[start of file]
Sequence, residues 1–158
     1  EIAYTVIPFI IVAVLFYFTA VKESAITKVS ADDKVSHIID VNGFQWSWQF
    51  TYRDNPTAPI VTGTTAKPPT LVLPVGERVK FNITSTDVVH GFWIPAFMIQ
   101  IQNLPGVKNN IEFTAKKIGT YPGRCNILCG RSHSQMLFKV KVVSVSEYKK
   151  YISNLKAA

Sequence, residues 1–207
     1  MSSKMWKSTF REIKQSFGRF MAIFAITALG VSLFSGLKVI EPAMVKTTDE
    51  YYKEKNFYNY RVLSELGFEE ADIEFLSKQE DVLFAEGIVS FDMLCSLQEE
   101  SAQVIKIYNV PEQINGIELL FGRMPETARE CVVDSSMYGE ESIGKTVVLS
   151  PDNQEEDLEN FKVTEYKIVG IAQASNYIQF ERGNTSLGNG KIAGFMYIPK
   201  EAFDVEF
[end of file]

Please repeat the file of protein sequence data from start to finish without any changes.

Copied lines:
Sequence, residues 1–158
     1  EIAYTVIPFI IVAVLFYFTA VKESAITKVS ADDKVSHIID VNGFQWSWQF
    51  TYRDNPTAPI VTGTTAKPPT LVLPVGERVK FNITSTDVVH GFWIPAFMIQ
   101  IQNLPGVKNN IEFTAKKIGT YPGRCNILCG RSHSQMLFKV KVVSVSEYKK
   151  YISNLKAA

Sequence, residues 1–207
     1  MSSKMWKSTF REIKQSFGRF MAIFAITALG VSLFSGLKVI EPAMVKTTDE
    51  YYKEKNFYNY RVLSELGFEE ADIEFLSKQE DVLFAEGIVS FDMLCSLQEE
   101  SAQVIKIYNV PEQINGIELL FGRMPETARE CVVDSSMYGE ESIGKTVVLS
   151  PDNQEEDLEN FKVTEYKIVG IAQASNYIQF ERGNTSLGNG KIAGFMYIPK
   201  EAFDVEF